Chrome 65 rolls out: You're getting a stronger redirect blocker, 45 security fixes

Chrome 65 rounds out Google's long-running efforts to stamp out unwanted redirects.
Written by Liam Tung, Contributing Writer

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Google has released Chrome 65 for Android, Linux, Mac, and Windows, bringing security enhancements and 45 fixes for security flaws.

As Google announced late last year, its aim is to roll out changes in Chrome to prevent nasty ads from bumping users to a page they never intended to go to -- potentially leading them to a malware site or page filled with ads.

Google flagged the changes soon after Android Police founder complained that redirect ads were still occurring on his site after moving exclusively to Google AdSense and Google Ad Exchange.

However, Chrome developers were as early as August last year working a so-called 'infobar' to notify users when the browser blocked redirects.

Google targeted the Chrome 64 release for blocking redirects from third-party iframes, so that if that occurs it would display an infobar explaining why a redirect was blocked unless the user has clicked on that iframe.

Chrome 65 addresses the 'tab-under' problem where clicking on a link opens the desired content in a new tab, while the opening tab navigates to a page the user never intended to visit.


Google's mockup of Chrome's infobar redirect warning.

Image: Google

To stop this, Chrome 65 detects this behavior, displays an infobar, and prevents the redirect on the main tab from occurring.

The restrictions on abusive experiences round out a long-running effort by Chrome developers to stop this behavior.

Google announced the restrictions alongside the launch of its Abusive Experiences Report for site owners who can see if abusive experiences have been seen on their site. Chrome may prevent new windows and tabs opening on sites that don't remove abusive experiences after 30 days.

Chrome 64 also introduced stricter popup blocking on sites with excessively abusive experiences by blocking popups even in cases where the user does click a button.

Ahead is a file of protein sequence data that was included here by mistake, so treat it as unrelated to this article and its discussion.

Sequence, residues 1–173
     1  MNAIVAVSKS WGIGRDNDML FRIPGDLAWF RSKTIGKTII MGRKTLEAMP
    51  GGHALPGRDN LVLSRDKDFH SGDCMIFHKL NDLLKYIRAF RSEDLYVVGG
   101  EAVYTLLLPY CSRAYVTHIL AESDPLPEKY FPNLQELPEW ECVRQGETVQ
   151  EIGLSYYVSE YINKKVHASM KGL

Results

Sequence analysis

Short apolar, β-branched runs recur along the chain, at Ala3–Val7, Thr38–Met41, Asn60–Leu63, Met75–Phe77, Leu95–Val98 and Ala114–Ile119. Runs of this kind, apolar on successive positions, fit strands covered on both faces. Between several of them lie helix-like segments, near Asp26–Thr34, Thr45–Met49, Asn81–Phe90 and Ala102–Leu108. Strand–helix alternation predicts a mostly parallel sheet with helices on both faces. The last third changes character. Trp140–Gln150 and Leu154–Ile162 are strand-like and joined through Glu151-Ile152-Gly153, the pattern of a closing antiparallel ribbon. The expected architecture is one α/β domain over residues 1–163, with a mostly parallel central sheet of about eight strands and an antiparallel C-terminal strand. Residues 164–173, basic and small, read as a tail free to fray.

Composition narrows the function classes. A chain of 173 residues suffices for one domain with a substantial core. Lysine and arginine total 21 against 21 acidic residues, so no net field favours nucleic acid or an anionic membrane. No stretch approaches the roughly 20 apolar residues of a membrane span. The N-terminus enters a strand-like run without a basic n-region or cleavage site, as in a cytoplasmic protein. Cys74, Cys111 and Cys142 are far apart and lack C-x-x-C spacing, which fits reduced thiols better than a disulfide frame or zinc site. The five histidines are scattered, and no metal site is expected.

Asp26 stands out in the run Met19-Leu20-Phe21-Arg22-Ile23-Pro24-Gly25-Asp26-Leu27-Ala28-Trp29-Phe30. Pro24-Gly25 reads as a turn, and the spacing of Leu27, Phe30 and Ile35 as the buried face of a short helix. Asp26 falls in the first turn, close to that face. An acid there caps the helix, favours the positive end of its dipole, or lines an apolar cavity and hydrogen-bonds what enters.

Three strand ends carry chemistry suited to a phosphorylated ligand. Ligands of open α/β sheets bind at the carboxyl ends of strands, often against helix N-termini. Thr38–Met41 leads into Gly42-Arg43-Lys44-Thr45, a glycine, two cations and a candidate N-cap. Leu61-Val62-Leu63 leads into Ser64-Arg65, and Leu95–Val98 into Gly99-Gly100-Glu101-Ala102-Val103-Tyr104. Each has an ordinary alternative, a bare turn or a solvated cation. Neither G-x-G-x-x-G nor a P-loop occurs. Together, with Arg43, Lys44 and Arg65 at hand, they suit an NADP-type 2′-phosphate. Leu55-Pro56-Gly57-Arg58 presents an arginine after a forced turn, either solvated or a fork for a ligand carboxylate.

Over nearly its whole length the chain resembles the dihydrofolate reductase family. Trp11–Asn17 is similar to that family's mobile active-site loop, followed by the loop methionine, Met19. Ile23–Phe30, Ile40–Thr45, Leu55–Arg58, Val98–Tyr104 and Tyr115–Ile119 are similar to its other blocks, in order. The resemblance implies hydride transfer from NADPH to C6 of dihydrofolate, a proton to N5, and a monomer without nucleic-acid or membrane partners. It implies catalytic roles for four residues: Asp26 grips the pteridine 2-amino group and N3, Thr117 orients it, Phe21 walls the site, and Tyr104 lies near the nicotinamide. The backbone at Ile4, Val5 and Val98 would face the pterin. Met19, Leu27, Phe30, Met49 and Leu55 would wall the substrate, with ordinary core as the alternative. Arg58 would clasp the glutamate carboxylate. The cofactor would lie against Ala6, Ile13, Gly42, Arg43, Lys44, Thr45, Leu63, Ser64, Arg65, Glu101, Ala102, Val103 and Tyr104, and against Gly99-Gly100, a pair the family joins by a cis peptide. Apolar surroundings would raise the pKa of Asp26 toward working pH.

Chrome 65 restricts "framebusting ability by requiring a relevant user gesture unless it is same-origin to the parent" because it was being abused by ads, according to the Chrome milestone hotlist.

"Summary Content in an <iframe> can generally navigate the top-level browsing context unless explicitly forbidden by the sandbox attribute (sometimes called 'framebusting'). Restrict this ability to content that is processing a user gesture, unless it is same-origin to the parent. Motivation Framebusting was originally used by content that wanted to prevent being placed in an <iframe> but it's being abused."

Chrome 64's milestone page says it introduces 'block tab-under navigations'. "A tab-under is when a page both opens a popup to some destination (usually where the user wants to go) AND navigates the opener page to some third party content (usually an advertisement). Chrome will block these navigations and show native UI to the user so they can follow the redirect just in case."

Google details its motivations and design considerations for how it enables tab-under blocking in this document.

Chrome 65 brings fixes for 45 security bugs, including nine high-severity issues. It paid researchers $34,500 for reporting bugs.

Chrome 65 is also the first version that Google has enabled Transport Layer Security version 1.3 on by default.

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